This year’s PAG XXVI started with a bang, as Bionano scientist Yang Zhang opened the meeting for us on Saturday with a talk on early results of the Direct Label and Stain (DLS) chemistry. We stayed until Wednesday, when we presented this data to the Vertebrate Genomes Project/G10K meeting.
We already told you about the 23 posters and 16 workshops that included Bionano data at PAG, which show that Bionano has become an essential tool for those of you working on genome assembly projects. GenomeWeb wrote stories about two such presentations. Sandy, an Australian desert dingo, had her genome assembled with the help of Bionano maps, and her genome will soon be joined by that of a grey wolf and German Shepherd. Our maps should help discover events that took place during canine evolution and domestication. GenomeWeb also reported on the work done in Erich Jarvis’ lab as part of the Vertebrate Genomes Project (VGP). The team tested dozens of sequencing and assembly technologies, and settled on Bionano as one of the core technologies used in phase 1 of the project at Rockefeller University.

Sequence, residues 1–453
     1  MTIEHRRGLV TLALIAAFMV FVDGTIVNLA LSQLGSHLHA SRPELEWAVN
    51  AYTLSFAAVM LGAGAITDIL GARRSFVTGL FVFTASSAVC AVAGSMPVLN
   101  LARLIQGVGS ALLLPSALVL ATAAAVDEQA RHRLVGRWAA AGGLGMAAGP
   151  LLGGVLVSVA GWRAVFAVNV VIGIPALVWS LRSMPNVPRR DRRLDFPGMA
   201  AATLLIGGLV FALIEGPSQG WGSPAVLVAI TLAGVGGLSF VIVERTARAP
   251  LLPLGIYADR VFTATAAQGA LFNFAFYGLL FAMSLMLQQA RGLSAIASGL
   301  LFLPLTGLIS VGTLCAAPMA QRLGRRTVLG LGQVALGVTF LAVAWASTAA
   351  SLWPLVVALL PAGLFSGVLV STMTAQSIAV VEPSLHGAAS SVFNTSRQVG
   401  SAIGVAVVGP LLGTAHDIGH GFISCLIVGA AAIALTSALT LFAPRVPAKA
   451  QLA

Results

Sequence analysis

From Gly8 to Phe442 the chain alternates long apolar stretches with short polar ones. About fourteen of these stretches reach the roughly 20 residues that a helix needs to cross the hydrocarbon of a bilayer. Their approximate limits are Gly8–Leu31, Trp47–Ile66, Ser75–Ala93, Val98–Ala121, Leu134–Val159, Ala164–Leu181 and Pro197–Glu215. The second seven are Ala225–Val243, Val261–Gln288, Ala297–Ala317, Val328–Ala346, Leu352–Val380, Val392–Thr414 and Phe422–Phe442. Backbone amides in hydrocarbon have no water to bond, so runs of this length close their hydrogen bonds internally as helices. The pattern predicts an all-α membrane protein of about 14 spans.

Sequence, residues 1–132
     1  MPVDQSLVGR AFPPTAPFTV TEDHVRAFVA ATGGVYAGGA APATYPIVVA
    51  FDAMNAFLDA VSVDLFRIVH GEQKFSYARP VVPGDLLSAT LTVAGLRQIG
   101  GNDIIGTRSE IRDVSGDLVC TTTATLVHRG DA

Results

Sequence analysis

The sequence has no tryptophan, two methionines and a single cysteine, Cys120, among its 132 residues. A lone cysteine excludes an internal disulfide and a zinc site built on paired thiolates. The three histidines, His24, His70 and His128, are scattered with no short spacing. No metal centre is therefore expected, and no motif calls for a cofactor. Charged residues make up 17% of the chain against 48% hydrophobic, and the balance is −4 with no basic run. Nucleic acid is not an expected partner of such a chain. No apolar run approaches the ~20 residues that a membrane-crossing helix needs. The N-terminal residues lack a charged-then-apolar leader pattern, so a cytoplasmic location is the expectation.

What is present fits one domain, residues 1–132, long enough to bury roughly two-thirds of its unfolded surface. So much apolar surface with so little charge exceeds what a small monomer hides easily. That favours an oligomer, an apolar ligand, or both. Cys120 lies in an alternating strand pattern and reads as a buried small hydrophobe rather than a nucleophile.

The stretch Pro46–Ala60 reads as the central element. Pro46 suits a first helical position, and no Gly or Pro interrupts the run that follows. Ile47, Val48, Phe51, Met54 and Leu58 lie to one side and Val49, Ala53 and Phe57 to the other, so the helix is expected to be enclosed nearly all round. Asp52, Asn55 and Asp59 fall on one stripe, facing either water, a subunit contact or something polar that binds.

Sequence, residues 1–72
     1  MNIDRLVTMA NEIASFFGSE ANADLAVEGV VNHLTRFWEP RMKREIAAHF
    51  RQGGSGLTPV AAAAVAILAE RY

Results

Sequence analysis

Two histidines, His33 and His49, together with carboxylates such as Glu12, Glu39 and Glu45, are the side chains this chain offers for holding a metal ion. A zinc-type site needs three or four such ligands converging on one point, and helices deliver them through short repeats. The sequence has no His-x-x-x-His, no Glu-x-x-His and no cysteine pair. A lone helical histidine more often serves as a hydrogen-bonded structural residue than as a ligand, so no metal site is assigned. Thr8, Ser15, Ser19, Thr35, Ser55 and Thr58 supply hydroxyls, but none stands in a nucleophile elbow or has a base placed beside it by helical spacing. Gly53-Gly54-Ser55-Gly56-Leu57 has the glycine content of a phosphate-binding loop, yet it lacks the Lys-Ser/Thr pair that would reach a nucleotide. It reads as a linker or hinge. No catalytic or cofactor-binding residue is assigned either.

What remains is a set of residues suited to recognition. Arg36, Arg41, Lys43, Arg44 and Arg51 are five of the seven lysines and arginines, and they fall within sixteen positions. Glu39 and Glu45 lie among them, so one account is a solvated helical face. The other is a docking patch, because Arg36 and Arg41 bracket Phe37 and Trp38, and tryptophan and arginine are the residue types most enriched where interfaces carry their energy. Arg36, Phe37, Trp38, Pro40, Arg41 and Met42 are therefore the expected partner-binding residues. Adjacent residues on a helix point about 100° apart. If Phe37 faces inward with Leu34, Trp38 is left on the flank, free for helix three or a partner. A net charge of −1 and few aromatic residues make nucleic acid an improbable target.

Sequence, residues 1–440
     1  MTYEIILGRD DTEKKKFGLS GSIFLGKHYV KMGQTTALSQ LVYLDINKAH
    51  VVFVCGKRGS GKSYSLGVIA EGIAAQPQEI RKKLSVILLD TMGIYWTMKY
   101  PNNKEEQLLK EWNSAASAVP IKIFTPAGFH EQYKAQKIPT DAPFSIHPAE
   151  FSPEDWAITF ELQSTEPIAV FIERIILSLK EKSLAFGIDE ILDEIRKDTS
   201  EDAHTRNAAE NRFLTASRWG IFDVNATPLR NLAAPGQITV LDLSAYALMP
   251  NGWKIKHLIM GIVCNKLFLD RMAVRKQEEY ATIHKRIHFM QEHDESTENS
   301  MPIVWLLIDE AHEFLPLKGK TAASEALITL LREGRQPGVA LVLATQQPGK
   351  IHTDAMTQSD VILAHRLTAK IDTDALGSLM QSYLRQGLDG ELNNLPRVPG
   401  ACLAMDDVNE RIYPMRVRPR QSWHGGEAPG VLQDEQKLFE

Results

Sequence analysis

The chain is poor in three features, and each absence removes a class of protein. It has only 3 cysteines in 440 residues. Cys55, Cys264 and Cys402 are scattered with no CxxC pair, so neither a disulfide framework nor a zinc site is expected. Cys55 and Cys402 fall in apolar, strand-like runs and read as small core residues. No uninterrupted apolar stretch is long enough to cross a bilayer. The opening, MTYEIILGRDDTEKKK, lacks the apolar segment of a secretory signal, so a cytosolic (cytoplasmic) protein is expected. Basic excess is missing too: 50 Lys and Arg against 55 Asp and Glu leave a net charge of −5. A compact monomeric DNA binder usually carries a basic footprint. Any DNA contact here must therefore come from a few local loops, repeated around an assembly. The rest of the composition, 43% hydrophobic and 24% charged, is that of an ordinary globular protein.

But without any doubt, the star of the show was our new DLS chemistry which directly labels specific sequence motifs on DNA and allows for the construction of genome maps spanning entire chromosome arms or even full chromosomes in a single contiguous map. After our press release on DLS, our Bionano User Group Workshop and Yang’s talk, word spread quickly and Bionano’s booth was packed. Some of our DLS early access customers kindly volunteered to attend our “Meet the Experts” hour on Monday to share their enthusiasm for our new method.
“These results are truly amazing”, “DLS is one of the most exciting things at PAG”, “Your new labeling chemistry is revolutionary” are just some of the reactions we heard from early access customers and guests.